What the experts say
I feel very passionate about this subject and have spent years researching exercise during and after pregnancy, using all this knowledge to carefully put together the 3-plan. However, I understand you may be worried about yourself and precious baby so read on to hear from the experts…..
1. The American Congress of Obstetricians and Gynaecologists (ACOG)
Who?! – The USA’s leading group of professionals providing health care for women.
You’re tired. You’re gaining weight. You may not feel your best. Although most of the time these symptoms are normal during pregnancy, exercise may help provide some relief. Becoming active and exercising at least 30 minutes on most, if not all, days of the week can benefit your health in the following ways:
- Helps reduce backaches, constipation, bloating, and swelling
- May help prevent or treat gestational diabetes
- Increases your energy
- Improves your mood
- Improves your posture
- Promotes muscle tone, strength, and endurance
- Helps you sleep better
In 2002 ACOG presented the first formal recommendation to include exercise throughout pregnancy, stating, “in the absence of either medical or obstetric complications, 30 minutes or more of moderate exercise a day on most, if not all, days of the week is recommended for pregnant women”.
2. Royal College of of Obstetricians and Gynaecologists (RCOG)
Who?! – The main organisation in the UK representing Obstetricians and Gynaecologists, setting standards to improve women’s health.
Many women find that recreational exercise helps them to adjust to the physical changes that occur during pregnancy. It may help relieve tiredness, lower back pain and reduce varicose veins and swelling of the feet and ankles. Recreational exercise improves muscle tone, strength and endurance. It makes it easier to carry the weight you gain during pregnancy and helps prepare you for the physical challenge of labour.
Recreational exercise promotes a sense of wellbeing. Staying fit during pregnancy may help to reduce feelings of stress, anxiety and depression. Recreational exercise also improves sleep.
They also suggest that (2006):
- all women should be encouraged to participate in aerobic and strength-conditioning exercise as part of a healthy lifestyle during their pregnancy
- reasonable goals of aerobic conditioning in pregnancy should be to maintain a good fitness level throughout pregnancy without trying to reach peak fitness level or train for athletic competition
- women should choose activities that will minimise the risk of loss of balance and fetal trauma
- women should be advised that adverse pregnancy or neonatal outcomes are not increased for exercising women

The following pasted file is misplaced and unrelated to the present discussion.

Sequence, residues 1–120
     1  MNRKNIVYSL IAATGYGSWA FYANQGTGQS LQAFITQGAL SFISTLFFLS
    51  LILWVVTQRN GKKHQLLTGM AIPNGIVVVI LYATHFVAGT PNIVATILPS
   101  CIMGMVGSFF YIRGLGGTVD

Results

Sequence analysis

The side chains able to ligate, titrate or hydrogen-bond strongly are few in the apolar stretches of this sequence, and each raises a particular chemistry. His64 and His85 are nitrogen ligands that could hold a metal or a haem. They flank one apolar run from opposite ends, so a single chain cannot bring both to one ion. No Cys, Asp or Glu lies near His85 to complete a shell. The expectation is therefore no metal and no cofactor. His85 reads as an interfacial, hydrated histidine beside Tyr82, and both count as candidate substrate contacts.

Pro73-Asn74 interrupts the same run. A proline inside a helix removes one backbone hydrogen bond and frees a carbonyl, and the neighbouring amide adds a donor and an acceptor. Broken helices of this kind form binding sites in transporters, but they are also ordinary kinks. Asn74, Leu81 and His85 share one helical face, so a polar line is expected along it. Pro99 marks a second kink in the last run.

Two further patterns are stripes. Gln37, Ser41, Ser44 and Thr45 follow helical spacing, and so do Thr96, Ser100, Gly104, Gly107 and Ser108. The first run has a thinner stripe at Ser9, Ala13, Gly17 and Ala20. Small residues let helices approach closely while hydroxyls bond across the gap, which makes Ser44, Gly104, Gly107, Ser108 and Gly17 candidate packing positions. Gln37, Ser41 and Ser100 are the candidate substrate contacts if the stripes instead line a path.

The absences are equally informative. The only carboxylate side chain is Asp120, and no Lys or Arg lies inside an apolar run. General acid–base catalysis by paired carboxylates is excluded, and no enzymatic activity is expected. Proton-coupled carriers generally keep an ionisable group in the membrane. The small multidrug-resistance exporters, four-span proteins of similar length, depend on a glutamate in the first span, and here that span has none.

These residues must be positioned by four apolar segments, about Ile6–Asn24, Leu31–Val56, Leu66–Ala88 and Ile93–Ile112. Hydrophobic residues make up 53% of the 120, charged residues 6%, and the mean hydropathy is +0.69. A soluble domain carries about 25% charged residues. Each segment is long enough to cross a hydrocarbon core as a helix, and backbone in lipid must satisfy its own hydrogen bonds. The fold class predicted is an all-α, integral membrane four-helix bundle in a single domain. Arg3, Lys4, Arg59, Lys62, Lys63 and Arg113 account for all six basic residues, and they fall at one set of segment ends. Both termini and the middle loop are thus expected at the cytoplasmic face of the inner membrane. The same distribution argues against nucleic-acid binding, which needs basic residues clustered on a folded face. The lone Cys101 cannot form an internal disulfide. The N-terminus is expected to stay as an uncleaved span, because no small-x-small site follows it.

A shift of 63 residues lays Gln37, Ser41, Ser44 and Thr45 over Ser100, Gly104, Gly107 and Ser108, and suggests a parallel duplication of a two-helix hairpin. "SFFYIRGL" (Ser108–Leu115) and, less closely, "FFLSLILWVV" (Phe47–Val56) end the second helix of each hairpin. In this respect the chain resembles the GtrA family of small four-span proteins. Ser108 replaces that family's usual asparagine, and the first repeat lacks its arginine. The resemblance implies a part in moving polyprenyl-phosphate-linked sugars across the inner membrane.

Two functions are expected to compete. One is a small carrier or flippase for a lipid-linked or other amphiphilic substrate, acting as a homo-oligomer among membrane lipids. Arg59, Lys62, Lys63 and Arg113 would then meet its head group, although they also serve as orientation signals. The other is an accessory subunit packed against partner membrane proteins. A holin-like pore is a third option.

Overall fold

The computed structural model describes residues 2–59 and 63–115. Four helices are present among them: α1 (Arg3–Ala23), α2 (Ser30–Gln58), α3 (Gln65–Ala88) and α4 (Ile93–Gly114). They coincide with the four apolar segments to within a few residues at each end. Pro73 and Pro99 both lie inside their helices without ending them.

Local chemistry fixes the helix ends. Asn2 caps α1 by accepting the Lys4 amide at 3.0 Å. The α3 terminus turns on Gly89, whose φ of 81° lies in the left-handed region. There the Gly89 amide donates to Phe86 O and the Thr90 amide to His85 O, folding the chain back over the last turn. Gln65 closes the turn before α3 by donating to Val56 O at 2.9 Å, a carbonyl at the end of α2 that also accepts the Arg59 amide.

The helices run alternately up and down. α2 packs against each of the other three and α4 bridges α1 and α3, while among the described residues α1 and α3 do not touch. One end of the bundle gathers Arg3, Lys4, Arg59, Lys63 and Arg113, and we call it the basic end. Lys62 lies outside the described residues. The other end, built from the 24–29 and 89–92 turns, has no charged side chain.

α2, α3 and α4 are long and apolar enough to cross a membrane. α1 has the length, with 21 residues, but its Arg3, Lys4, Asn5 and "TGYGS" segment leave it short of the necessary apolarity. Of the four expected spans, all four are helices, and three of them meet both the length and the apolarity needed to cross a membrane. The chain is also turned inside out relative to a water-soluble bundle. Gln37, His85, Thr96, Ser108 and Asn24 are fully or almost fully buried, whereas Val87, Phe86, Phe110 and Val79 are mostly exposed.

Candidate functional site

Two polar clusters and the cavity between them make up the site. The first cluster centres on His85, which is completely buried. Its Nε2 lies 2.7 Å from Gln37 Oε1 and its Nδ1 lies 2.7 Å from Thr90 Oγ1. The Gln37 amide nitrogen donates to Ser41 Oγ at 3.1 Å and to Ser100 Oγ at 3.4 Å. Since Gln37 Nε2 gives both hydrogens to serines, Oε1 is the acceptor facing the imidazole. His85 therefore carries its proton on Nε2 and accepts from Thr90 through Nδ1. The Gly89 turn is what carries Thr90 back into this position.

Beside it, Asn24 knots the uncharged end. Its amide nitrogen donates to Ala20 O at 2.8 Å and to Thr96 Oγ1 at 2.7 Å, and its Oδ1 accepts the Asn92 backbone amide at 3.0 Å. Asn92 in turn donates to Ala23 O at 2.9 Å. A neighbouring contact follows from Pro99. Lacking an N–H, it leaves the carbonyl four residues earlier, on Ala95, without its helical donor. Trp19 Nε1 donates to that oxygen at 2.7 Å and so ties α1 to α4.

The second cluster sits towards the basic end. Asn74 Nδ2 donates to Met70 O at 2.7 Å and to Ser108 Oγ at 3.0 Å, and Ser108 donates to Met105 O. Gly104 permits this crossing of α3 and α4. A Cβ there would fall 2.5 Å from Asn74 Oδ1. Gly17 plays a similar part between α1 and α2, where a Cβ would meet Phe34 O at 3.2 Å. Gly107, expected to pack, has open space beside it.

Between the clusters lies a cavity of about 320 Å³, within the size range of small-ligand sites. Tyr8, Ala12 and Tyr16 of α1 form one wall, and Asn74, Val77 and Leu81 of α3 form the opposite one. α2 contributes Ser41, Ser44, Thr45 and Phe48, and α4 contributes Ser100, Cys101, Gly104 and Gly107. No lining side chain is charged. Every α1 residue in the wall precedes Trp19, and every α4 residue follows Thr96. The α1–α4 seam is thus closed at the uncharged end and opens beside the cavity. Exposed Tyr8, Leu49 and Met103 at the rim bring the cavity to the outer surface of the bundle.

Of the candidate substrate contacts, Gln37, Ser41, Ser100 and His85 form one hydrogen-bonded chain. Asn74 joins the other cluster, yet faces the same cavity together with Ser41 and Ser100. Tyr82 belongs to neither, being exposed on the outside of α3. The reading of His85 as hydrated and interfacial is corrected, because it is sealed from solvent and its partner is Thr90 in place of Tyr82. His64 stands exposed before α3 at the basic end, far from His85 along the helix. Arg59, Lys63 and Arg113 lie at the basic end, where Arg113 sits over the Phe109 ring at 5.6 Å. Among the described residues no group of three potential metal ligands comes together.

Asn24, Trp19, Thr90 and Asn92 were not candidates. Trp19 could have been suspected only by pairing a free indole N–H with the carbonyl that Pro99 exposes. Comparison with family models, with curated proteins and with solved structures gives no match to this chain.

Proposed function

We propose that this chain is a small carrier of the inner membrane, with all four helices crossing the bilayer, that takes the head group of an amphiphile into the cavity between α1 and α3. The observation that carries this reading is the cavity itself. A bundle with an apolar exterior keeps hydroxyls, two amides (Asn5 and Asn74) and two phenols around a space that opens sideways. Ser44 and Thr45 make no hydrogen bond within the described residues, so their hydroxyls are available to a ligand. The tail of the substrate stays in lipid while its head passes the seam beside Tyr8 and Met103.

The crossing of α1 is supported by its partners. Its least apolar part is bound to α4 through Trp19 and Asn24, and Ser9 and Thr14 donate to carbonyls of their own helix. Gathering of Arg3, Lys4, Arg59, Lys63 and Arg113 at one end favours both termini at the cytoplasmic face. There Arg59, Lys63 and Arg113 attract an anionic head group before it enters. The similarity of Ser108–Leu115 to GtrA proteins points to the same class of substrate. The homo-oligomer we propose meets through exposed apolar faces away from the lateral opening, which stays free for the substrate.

- initiation of pelvic floor exercises in the immediate postpartum period may reduce the risk of future urinary incontinence
- women should be advised that moderate exercise during lactation does not affect the quantity or composition of breast milk or impact on fetal growth.
3. National Institute for Health and Clinical Excellence (NICE)
Who?! – NICE is an independent UK organisation responsible for providing national guidance on promoting good health and preventing and treating ill health.
The latest NICE guidance released in July 2010, says that moderate – high intensity physical activity will not harm an expectant mum or her unborn child. At least 30 minutes per day of moderate intensity activity is recommended. They also say:
- recreational exercise such as swimming or brisk walking and strength conditioning exercise is safe and beneficial
- the aim of recreational exercise is to stay fit, rather than to reach peak fitness
- if women have not exercised routinely they should begin with no more than 15 minutes of continuous exercise, three times per week, increasing gradually to daily 30-minute sessions
- if women exercised regularly before pregnancy, they should be able to continue with no adverse effects.
- if women would find this level of physical activity difficult that it is important not to be sedentary, as far as possible. Encourage them to start walking and to build physical activity into daily life, for example, by taking the stairs instead of the lift, rather than sitting for long periods.
4. American College of Sports Medicine (ACSM)
Who?! – The body that sets exercise guidelines for fitness professionals around the world, the largest sports medicine and exercise science organisation in the world.
If you are pregnant and haven’t exercised before:
Frequency: 3-5 times a week (less after week 36)
Intensity: Moderate (50-60%)
Time: 5-45 minutes (Ideally 30 minutes+)
Type: Low impact
If you are pregnant and have exercised before:
Frequency: 3-5 times a week (less after week 36)
Intensity: Moderate to hard (60-70%)
Time: 30-60 minutes (Ideally 30 minutes+)
Type: Low impact snd any prior safe activities
For elite athletes the guidelines are different again.